Misfit Flash – The best cheap fitness tracker

Anyone considering buying a fitness tracker this Christmas will certainly have their eye caught by the Misfit Flash. An update to the existing Misfit Shine, it offers all the same functionality but at just $50 it’s nearly half the price.

But is this the best cheap fitness tracker to buy this Christmas, or is it simply another budget compromise? We put the Misfit Flash through its paces to find out in our in-depth review.

Misfit Flash: Features and design

When you take your flagship product and halve the price, build quality is usually the first casualty – and the Misfit Flash is no exception to this rule. Plastic prevails over metal and the curiously attractive metallic, er, shine of the Shine is replaced by dull matte finish on the Flash.

Misfit Flash - Fitness and Sleep Monitor (Black)

$42.95

Sporty design; comes in a variety of colors; ultra comfortable and water resistant to 30 meters. Never requires charging; replaceable battery lasts up to 6 months.; Measures daily activity and sleep, ...

Made by: Misfit Wearables, Available: In stock

The good news for design aficionados is that Misfit has released the Flash with a series of bright and bold colours, which makes choosing your ideal band a little more personable. They seem to be aimed at the younger audience, as few of the choices naturally pair with business wear.

The design differences aren’t all cosmetic, however. Misfit identified that the Shine’s strap was inadequate for holding the unit in place, and that the touch-sensitive face for accessing goal progress and the clock was frustrating to use – so these have been addressed. The surface is now a physical button with brighter LEDs, and the Flash slips into the back of the strap, meaning it can’t fall out.

It still boggles the mind that Misfit can’t secure its tracker effectively within a strap. Yes, thanks to the laws of physics the Flash can’t slip out due to the pressure of your arm, but pressing the button is enough to worryingly disengage the disc from its housing and cause it to sit misaligned in the cradle.

Back to the plus points though and the design is fully waterproof, so not only will it survive the shower it can also be used in the pool, which headlines an impressive line-up of features that outstrip many of its rivals.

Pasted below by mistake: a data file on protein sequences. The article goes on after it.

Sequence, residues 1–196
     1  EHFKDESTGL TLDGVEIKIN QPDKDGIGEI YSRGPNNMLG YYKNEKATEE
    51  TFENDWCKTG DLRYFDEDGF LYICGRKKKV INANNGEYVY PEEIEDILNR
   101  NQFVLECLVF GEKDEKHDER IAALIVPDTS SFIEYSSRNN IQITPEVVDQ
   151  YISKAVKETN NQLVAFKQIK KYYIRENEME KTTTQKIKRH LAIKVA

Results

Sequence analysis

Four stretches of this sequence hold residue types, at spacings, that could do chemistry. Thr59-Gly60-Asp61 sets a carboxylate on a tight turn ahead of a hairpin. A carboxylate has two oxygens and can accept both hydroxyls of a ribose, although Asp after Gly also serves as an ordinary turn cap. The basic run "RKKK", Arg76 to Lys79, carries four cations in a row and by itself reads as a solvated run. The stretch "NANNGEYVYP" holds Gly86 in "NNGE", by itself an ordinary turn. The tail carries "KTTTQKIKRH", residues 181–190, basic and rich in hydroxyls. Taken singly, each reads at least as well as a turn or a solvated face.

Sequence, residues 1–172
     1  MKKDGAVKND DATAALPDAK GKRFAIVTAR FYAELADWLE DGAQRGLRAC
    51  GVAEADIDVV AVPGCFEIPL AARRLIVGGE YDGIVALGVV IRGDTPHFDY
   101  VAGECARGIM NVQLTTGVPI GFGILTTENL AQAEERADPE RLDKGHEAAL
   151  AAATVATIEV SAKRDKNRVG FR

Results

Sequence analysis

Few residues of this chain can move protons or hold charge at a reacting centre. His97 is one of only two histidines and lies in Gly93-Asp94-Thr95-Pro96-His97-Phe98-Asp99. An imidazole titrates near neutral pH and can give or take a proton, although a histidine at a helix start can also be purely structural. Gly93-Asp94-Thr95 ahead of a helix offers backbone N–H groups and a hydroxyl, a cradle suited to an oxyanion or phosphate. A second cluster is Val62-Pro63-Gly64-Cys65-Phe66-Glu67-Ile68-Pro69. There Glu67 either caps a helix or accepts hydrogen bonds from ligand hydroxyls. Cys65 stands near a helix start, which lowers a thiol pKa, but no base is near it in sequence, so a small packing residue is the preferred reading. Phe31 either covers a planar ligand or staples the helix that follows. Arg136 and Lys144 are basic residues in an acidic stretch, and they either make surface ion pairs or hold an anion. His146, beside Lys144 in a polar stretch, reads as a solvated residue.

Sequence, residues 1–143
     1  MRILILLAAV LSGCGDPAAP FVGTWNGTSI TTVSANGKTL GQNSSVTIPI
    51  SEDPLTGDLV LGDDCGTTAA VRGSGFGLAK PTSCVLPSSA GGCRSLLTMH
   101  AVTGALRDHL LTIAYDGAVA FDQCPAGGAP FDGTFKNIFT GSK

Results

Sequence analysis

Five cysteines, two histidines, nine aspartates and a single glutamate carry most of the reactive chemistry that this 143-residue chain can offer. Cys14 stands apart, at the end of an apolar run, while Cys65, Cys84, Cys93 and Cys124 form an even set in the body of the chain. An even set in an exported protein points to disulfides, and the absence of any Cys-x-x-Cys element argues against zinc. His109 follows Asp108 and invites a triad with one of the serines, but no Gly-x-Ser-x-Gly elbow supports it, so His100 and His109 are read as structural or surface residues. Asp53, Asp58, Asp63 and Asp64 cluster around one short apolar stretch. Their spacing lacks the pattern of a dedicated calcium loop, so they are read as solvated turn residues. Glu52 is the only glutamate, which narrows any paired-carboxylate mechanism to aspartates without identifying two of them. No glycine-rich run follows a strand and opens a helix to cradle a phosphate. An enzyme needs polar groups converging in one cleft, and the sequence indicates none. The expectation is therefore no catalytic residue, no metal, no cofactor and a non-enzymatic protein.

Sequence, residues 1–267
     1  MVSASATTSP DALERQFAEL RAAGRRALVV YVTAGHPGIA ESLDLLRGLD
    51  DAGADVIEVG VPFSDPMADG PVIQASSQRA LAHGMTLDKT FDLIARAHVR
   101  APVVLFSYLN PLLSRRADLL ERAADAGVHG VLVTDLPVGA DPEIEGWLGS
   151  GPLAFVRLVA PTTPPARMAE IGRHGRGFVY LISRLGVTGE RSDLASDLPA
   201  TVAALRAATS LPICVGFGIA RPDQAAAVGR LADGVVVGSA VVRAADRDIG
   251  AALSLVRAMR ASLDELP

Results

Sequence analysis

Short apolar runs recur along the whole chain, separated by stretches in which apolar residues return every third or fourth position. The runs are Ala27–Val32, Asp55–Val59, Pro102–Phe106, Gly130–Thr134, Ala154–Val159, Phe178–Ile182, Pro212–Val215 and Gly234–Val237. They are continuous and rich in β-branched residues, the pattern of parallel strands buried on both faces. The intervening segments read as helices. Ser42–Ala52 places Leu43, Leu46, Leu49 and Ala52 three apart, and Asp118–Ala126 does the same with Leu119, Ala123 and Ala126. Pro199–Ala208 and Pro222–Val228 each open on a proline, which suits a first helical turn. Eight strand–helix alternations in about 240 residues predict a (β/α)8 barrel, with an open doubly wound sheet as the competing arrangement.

Misfit Flash: Activity tracking

In terms of activity tracking, the Misfit Flash certainly does more than your average fitness band.

First up is steps and sleep tracking, which is the standard fare of any activity tracker in 2014. We found both to be extremely accurate, tracking inline with other wearable devices, such as the Withings Pulse Ox and Pebble smartwatch (using the Misfit app).

Sleep tracking is automatically detected, so there’s no need to remember to switch on a sleep-tracking mode, as with competitors such as the Withings Pulse.

However, unlike other basic trackers, you can specify when you’re about to start exercising. The Misfit Flash will track running, swimming, walking, cycling and even tennis and basketball.

The reason it’s adept at tracking so many sports is because the Misfit Flash can be positioned on more than one point on the body. If you’re swimming or walking, it wants to be on the wrist; but for cycling you should put it on your shoe for best results.

While the onus is on you, the user, to carry around the secondary clip and remember to start and end the tracking procedure, it makes the Flash much more versatile than trackers like the Withings Pulse or the Fitbit Flex.

What’s more, by working on the foot, the Flash will track gym cycling, where more expensive sports watches that use GPS will be utterly stumped. Very clever stuff indeed.

However, the interpretation of this information is key to the Flash’s longevity and usefulness, so read on to find out how the app fared in our tests.

 

Misfit Flash: App

There’s no question the Misfit Flash is an incredibly adept tracker, and its versatility puts it head and shoulders above its competitors. However, despite a recent redesign of the app, the analysis side of the equation still leaves a lot to be desired.

The app itself is much improved, especially on Android, which was nearly devoid of any features back in May 2014. The iOS app was always more feature rich, and looks good with activity categorised day-by-day, which is easy to swipe through and examine.

However, when you delve in, there’s little to peruse or analyse.

A simple graphic shows your steps, calories and miles walked, with two graphs showing goal progress and the points you were most active in the day. You can also pull up and any periods of activity are marked, such as your run, cycle or swim. Unfortunately, there’s zero information about your performance to look at, such as strokes, pace or distance to review – just a meaningless points score.

The lack of analysis is a real let down, because it undermines the great strides Misfit has made in making the Flash so potent.

The woes continue for sleep tracking, too. Tap the sleep tab and you can see a graph of your light and deep sleep and a figure of the amount of restful sleep you achieved. There’s little explanation in the app of what “restful sleep” means, and the graph is so small and the scale so vague that we quickly lost interest.

The alarm was also nearly useless, using iOS at least, because like any other third-party app, it requires your iPhone to be kept awake in “lights out mode”, making it less effective and user friendly than the standard Apple offering.

One good part of the app is the social aspects, where you can see how friends that use Misfit wearables are performing, which can be an extra little motivator.

It’s also compatible with Apple Health, but for now the only information that the iPhone’s fitness tracking app pulls in is step data.